Affordable homes boost needed - report
Affordable housing remains a problems in north Norfolk according to a report from the Audit Commission.Speaking to the district council's cabinet last week, Gill Bannister, from the commission, outlined a largely positive assessment of the authority, praising its record for recycling, cleanliness and safety in the community.
Affordable housing remains a problems in north Norfolk according to a report from the Audit Commission.
Speaking to the district council's cabinet last week, Gill Bannister, from the commission, outlined a largely positive assessment of the authority, praising its record for recycling, cleanliness and safety in the community.
But the inspector said the provision of affordable housing was proving a challenge for the council with building work taking too long to complete and private landlords not receiving enough encouragement to get their homes back into use once they become vacant.
Ms Bannister said: 'The implication for local people is that getting affordable housing is not getting easier for them.'
Clive Stockton, portfolio holder for planning policy, acknowledged that the council did need to address the problem of affordable housing.
But he added that since 2007/08 - the year on which the commission based its assessment - changes had already been made, including the introduction of a new empty homes strategy, which he hoped would improve the situation.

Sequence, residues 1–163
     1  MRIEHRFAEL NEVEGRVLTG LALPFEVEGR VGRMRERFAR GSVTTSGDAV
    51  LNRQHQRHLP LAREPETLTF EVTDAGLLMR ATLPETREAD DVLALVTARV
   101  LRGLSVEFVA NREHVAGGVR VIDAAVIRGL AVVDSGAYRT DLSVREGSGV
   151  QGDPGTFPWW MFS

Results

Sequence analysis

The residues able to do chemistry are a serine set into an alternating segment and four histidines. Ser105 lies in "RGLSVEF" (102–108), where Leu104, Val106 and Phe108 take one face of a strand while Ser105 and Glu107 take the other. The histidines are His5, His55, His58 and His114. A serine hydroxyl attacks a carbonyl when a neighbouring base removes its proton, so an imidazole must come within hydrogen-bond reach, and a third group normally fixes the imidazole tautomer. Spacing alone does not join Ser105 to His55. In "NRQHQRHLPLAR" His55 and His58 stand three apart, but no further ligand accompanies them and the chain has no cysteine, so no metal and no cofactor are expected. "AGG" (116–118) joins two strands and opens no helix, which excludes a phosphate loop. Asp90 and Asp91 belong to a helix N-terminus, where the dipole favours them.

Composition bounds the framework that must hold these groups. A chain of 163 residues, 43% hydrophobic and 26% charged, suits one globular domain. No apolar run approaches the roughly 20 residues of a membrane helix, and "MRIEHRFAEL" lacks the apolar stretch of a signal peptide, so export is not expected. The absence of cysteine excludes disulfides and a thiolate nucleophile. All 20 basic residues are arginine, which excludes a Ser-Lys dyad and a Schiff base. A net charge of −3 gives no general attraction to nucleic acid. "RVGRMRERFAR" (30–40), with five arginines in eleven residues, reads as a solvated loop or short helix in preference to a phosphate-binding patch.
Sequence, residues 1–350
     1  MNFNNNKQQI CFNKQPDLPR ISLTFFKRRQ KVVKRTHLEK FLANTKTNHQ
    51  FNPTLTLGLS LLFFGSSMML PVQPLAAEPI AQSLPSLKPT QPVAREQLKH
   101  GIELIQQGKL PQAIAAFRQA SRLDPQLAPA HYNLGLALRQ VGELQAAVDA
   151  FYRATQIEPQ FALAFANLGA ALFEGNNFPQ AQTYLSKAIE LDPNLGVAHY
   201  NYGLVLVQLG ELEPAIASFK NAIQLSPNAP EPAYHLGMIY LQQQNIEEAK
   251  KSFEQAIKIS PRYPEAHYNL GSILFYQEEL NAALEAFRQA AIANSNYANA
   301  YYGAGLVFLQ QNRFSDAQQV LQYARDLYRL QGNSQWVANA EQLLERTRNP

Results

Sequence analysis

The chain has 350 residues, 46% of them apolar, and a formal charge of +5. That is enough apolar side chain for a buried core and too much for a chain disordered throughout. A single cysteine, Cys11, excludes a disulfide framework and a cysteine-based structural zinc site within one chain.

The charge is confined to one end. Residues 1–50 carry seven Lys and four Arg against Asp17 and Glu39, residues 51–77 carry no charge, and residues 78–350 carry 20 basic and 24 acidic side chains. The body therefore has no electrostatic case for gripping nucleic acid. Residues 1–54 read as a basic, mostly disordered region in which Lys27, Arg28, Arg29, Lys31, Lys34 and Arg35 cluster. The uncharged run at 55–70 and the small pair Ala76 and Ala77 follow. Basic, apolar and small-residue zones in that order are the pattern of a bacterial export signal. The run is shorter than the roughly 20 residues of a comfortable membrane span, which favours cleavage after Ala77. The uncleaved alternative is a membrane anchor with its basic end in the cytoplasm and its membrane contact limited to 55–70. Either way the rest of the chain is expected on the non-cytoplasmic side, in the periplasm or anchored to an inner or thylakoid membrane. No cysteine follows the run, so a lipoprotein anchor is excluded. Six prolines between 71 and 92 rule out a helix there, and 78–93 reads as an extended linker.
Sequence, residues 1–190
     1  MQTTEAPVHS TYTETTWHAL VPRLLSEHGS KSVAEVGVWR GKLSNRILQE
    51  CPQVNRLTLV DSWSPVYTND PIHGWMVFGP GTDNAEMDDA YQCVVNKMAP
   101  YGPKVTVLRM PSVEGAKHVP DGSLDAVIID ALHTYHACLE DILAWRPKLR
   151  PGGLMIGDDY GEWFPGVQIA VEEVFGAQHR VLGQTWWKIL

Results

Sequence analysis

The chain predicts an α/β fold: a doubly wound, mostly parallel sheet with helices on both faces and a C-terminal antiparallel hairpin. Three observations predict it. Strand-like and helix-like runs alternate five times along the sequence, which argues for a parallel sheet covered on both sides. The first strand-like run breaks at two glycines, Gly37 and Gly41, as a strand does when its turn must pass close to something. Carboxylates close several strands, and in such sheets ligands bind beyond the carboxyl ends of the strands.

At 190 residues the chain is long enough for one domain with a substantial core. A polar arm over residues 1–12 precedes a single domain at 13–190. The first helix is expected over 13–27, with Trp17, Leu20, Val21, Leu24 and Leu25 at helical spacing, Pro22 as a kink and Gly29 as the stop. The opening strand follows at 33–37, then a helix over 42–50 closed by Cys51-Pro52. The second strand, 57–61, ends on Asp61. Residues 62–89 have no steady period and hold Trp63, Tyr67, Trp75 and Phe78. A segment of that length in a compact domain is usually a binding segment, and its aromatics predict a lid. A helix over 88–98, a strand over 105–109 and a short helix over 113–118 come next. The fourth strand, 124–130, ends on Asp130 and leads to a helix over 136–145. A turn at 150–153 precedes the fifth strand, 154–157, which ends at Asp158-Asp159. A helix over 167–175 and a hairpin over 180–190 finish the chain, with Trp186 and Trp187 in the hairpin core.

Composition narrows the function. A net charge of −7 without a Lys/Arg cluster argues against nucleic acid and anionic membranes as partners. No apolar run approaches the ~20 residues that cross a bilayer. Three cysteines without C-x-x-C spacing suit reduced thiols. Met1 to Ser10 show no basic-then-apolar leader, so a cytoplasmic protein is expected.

- 1 New book reveals how Albert Einstein's stay in Norfolk may have saved his life
- 2 Trains cancelled after lorry crashes into bridge
- 3 Plans submitted to transform soft play area to restaurant
- 4 'We were braced for cancellations' - Hotel bosses on emergence of Omicron
- 5 Theatre director's planning bid branded 'an attempt to rewrite history'
- 6 The village in the path of controversial wind farm cable
- 7 Here are the new Covid travel rules which begin today
- 8 Christmas market draws hundreds to high street
- 9 Items from Lidl and Sainsbury's recalled over health and safety concerns
- 10 Norfolk still has just one identified Omicron Covid case
Sickness was also highlighted as a problem, with an average of 11.63 days per full-time member of staff taken off sick during the year 2007/08.
Ms Bannister said it was one of the worst records in the country but recognised the authority was working to address it.
The council said it had already brought in new measures to improve the numbers - including introducing back-to-work interviews - and had already seen a 10pc drop in the number of sick days taken by staff in 2008/09.